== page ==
Europe South Asia Asia Pacific Americas Middle East Africa BBC Homepage World Service Education
BBC Homepagelow graphics version | feedback | help
BBC News Online
 You are in: UK: Wales
Front Page 
Northern Ireland 
UK Politics 
Talking Point 
In Depth 

BBC Wales's Social Affairs Correspondent Gail Foley
"Cardiff council said it had offered the teenager help"
 real 28k

Wednesday, 15 March, 2000, 19:58 GMT
Social workers at 'breaking point'
Teenage prostitution in Wales is a concern
Social workers in Cardiff have warned they are breaking under the pressure of carrying life and death responsibilities about child protection without "proper management support".

The warning comes on the day when the case of a girl who has been a prostitute since she was 12 was raised in the Assembly as an illustration that the care system is still failing children.

An investigation by BBC Wales unearthed the teenager's case.

I would like to come off the game, get a flat and lead a normal life

Jade, teenaged prostitute
Jade, 18, is one of an estimated 30 teenagers, many of them still within the care system, who are prostituting on the streets to the south of Cardiff's bus and train station.

She has been on and off the streets since she was 12 and she is now hooked on heroin and needs specialised help.

Cardiff South and Penarth MP Alun Michael has written to Cardiff council on the issue.

Debbie Jones, from the charity Voices from Care, said there is no clinic in Wales suitable for her and accuses social services in Cardiff of failing to deal with her problems.

'Help offered'

Jade told BBC Wales: "I would like to come off the game, get a flat and lead a normal life."

Jade's case will be raised in the Assembly by Llanelli AM Helen Mary Jones, who said it highlights gaps in provision not addressed by the Waterhouse report.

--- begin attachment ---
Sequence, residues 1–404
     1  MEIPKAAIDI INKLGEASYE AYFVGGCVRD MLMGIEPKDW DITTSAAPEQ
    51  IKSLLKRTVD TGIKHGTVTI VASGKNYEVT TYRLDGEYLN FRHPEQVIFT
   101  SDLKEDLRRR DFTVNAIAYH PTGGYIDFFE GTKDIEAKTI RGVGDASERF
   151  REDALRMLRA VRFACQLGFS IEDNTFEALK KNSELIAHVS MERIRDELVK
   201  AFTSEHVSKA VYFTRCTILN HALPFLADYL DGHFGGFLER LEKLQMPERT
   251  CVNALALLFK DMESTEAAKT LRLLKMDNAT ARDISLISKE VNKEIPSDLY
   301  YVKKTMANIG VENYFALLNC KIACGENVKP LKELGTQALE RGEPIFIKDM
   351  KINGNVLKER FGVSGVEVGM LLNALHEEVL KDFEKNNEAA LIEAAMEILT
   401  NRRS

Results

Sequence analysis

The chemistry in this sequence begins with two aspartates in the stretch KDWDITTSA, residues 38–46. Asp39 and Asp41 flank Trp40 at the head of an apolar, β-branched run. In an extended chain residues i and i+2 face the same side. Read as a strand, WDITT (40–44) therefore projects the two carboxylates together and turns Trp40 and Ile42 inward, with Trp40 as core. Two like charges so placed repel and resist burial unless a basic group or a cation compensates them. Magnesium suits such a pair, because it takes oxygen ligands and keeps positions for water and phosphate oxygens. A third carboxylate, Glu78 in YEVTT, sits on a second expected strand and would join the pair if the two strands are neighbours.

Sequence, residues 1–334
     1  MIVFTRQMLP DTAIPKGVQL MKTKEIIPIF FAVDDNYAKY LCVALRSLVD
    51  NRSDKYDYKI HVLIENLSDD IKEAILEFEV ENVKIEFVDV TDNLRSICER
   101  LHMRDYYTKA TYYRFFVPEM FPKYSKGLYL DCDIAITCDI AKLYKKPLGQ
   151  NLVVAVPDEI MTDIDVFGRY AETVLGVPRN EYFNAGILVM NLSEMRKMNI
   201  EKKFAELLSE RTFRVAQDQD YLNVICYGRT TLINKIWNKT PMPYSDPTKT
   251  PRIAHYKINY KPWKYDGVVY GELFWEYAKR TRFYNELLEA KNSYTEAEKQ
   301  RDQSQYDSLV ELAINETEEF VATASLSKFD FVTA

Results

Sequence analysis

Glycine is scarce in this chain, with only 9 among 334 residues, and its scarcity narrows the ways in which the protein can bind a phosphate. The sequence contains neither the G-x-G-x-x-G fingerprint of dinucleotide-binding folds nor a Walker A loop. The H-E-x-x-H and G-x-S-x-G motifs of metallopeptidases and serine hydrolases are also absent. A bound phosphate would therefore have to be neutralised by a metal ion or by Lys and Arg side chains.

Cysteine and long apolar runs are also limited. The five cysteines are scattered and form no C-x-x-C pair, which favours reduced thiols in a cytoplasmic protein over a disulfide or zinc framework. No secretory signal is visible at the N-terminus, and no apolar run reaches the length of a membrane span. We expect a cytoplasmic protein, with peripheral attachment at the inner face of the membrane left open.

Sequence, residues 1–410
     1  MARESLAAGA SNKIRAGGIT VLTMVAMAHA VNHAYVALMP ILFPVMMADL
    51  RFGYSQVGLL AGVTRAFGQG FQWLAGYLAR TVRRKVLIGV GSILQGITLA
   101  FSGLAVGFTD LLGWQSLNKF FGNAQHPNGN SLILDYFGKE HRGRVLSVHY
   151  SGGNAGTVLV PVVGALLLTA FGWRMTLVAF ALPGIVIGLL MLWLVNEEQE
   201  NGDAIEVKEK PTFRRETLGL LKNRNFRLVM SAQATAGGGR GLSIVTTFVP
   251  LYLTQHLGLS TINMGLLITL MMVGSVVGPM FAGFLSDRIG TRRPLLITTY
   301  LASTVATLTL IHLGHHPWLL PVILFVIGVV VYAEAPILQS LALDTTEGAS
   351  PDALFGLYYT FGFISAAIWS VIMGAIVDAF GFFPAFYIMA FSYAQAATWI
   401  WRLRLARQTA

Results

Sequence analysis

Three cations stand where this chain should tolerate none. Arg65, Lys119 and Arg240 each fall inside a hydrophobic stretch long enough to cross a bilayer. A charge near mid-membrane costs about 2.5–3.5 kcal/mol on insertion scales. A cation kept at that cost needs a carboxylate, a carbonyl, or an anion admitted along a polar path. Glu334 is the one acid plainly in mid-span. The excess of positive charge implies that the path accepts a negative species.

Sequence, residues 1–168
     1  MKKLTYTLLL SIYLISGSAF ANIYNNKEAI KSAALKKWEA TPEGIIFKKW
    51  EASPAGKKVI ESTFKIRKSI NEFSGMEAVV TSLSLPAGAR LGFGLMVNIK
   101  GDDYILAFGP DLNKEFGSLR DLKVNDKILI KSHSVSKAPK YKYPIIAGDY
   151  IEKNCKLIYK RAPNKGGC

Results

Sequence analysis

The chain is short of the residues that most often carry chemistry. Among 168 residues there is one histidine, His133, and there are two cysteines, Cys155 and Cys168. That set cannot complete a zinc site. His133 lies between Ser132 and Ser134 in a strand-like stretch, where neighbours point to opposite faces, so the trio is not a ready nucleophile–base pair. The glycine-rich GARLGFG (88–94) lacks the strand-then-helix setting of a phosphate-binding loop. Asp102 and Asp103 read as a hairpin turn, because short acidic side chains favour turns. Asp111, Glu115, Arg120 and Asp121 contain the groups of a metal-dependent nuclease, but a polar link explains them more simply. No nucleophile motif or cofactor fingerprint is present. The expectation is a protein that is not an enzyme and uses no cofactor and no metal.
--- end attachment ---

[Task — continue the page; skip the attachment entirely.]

"I think we need to be taking a very hard line on the men using prostitutes and for the police to have a crackdown," said Ms Jones.

"But at the end of the day, dealing with the demand will not deal with the problem.

"There is always some way to reach that child (Jade) and if a voluntary organisation like Voices from Care has managed to stay in touch, then professional organisations should be able to."

Cardiff council refused an interview but said a range of help had been offered to her.

The council's legal responsibility to care leavers effectively ends when they are 17, though charities are lobbying for that to be extended to 21 or even later.

Search BBC News Online

Advanced search options
Launch console
See also:

02 Mar 00 | Northern Ireland
Teen prostitution ring alleged
02 Mar 00 | Wales
Law change to protect children
Internet links:

The BBC is not responsible for the content of external internet sites

Links to other Wales stories are at the foot of the page.

E-mail this story to a friend

Links to more Wales stories